Frontier Worker Permits: What you need to know

Frontier Worker Permits: What you need to know

Frontier Worker Permits: What you need to know

Posted: 20/04/2021

From 1 July 2021, all EU, EEA and Swiss national frontier workers will need to hold a frontier worker permit in order to enter the UK as a frontier worker.

Frontier workers, also known as cross-border workers, are essentially EU, EEA and Swiss nationals who work in the UK but are primarily resident outside the UK.

EU free movement provisions meant that previously, frontier workers were able to move freely within the EU, including for work purposes. Free movement provisions came to an end on 31 December 2020 and, as such, the government has introduced a frontier worker permit to allow for the continuity of cross-border work of EU, EEA and Swiss nationals from 1 July 2021.

Businesses and organisations have benefitted from having individuals such as consultants, service providers, market researchers, salespeople, project managers and even senior executives and directors, enter the UK to conduct work for or on their behalf and then return to their country of residence. Many of these individuals will not be employed or contracted on a full-time basis but rather, contracted only for particular times of the year and/or for particular projects.


To be eligible for a frontier worker permit, applicants must have met the eligibility requirements prior to 31 December 2020 and must be able to continue to meet the requirements at the time of their application for a permit. Applicants must be:

  • EU, EEA or Swiss nationals;
  • Not primarily resident in the UK; and
  • Either a worker in the UK, a self-employed person in the UK or a person who has retained the status of being a worker/self-employed person under EU law.

Applicants will usually be expected to have returned to their country of residence at least once in the last 6 months or twice in the last 12 months before the date of their application, unless there are exceptional reasons for not doing so such as illness, accident, pregnancy or childbirth. Consideration is also given to factors relating to Covid-19 such as self-isolation and travel restrictions. Evidence of any exceptional reasons must be provided in support of an application for a frontier worker permit.

Where reliance is placed on an exceptional reason and accepted by the Home Office, applicants will be treated as having retained their status as a worker or self-employed person in the UK.

Where applications are approved, a frontier worker permit will be valid for five years, or two years where the applicant has retained their status as a worker or self-employed person in the UK.


The frontier worker permit scheme provides businesses with huge benefits such as the ability to retain continuity and stability of service from those who they employ or engage who are EU, EEA or Swiss nationals and who do not reside in the UK.

As this is not a sponsored permit, there is no need for the business to hold a sponsor licence or meet the eligibility requirements under the Skilled Worker route. Applications are free and there is no Immigration Skills Charge to be paid, which is another significant saving.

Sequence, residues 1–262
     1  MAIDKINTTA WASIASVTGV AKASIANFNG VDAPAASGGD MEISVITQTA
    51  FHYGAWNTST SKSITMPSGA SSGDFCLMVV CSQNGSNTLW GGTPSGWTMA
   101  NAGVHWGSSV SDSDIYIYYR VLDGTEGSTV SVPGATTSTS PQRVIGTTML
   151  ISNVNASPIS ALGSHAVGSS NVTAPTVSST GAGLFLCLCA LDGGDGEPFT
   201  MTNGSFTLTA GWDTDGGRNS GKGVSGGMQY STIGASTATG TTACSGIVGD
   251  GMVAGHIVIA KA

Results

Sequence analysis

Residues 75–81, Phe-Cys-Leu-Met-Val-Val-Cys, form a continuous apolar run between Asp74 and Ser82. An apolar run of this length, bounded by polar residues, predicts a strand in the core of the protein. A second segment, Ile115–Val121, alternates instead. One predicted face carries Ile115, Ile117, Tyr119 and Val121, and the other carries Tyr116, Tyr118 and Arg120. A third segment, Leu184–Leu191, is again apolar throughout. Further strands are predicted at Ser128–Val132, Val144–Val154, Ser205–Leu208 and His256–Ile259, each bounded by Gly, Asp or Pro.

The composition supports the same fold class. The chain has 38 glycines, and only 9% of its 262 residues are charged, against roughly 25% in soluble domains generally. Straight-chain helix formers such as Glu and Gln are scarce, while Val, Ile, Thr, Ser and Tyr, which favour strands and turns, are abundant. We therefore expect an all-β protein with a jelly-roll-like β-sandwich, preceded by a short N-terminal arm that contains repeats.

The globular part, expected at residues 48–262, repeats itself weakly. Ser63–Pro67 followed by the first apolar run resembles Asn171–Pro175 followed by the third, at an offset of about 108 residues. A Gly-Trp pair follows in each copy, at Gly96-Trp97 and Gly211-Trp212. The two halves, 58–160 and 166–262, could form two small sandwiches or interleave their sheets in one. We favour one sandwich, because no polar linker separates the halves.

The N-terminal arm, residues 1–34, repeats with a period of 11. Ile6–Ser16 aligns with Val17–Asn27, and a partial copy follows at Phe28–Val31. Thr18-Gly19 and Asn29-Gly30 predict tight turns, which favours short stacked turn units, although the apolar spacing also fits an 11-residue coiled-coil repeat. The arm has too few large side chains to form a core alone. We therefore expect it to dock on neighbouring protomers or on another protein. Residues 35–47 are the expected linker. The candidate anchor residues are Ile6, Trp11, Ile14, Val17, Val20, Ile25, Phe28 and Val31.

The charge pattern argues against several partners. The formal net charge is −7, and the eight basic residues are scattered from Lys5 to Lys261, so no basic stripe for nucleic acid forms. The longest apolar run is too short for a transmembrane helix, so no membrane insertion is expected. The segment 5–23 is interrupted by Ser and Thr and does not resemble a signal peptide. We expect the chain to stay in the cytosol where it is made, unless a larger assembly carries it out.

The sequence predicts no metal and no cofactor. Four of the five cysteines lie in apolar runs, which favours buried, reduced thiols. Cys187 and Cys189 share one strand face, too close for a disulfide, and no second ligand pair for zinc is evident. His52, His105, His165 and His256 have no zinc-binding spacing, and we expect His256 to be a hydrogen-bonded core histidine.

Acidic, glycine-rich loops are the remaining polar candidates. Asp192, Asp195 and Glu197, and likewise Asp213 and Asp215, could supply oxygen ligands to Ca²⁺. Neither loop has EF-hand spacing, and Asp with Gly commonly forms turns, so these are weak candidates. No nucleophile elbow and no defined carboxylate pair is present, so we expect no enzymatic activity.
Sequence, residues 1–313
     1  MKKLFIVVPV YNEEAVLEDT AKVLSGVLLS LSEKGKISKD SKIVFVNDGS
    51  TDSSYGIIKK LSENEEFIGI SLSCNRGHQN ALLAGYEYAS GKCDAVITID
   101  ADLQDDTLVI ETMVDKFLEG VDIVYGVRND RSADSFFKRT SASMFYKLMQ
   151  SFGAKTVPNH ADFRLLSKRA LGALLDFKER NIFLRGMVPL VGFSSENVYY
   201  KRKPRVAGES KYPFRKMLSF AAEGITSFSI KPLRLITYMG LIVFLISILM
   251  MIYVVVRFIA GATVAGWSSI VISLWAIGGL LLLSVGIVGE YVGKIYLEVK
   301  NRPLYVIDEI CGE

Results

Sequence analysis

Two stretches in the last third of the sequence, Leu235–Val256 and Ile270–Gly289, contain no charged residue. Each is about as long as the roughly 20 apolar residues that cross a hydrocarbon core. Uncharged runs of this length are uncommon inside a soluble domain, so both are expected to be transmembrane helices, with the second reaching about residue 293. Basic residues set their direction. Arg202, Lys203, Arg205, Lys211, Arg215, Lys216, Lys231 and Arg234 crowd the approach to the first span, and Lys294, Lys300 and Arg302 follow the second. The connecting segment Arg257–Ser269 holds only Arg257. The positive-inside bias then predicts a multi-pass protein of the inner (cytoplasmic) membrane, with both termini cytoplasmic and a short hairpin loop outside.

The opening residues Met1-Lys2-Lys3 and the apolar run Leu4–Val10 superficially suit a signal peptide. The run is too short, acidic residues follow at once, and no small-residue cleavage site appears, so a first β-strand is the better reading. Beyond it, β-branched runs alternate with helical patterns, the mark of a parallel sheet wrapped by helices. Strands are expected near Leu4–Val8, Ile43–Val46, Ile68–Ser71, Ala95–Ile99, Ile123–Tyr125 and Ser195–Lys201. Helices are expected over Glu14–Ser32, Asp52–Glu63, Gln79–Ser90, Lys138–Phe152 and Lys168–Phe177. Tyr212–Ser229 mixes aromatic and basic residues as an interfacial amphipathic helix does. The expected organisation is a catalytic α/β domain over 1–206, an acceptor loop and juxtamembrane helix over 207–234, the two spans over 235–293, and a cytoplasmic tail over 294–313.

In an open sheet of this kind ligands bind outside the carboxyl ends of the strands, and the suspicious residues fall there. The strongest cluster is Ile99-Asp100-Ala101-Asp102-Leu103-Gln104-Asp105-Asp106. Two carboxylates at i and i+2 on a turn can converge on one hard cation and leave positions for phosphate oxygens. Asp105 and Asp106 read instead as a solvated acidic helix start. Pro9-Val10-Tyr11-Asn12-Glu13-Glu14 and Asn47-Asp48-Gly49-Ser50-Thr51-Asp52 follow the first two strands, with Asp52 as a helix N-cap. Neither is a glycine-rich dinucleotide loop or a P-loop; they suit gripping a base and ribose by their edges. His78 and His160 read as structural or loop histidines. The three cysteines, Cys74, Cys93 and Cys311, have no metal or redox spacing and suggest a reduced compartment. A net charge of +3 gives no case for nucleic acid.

Applications are made online, with applicants being able to use a smartphone app to verify their identity or alternatively, attend an appointment in order to provide their passport and biometric information.

Permits can be extended indefinitely as long as the applicant continues to meet the requirements.


There are a number of drawbacks to note:

  • Family members are not eligible to apply for a permit in order to join frontier workers in the UK. Family members intending to join frontier workers in the UK should apply instead under the EU Settlement Scheme, where they were resident in the UK prior to 31 December 2020;
  • The frontier worker permit scheme does not lead to settlement; and
  • Businesses and organisations will need to make sure they have understood the employment law and/or tax/social security considerations of this arrangement, particularly if individuals are also carrying out work for the business from their country of residence  in addition to the work they are carrying out in the UK.

What can businesses and organisations be doing now?

You should undertake a review of your contracts of employment and any agreements for services which are due to take place in the near future, where the individual is not usually resident in the UK, this will help to understand who will be affected by the changes so that you can take swift action to prevent any disruption to the business.

Where you are looking to engage an employee or self-employed person who has not worked for you in 2020 but may have done previously, review the reasons why they were not engaged in 2020. Where these reasons amount to ‘exceptional reasons’, consider an application for a frontier worker permit as a retained frontier worker.

Where you are looking to engage an employee or self-employed person who has not previously worked in the UK prior to 31 December 2020, ensure that you take legal advice to understand the most appropriate immigration route for the individual to enter the UK and engage with the business. Do be careful not to provide immigration advice or services; this should only be provided if you are regulated to do so, otherwise you risk committing a criminal offence.

Should you require further advice or support, please contact a member of our specialist immigration team.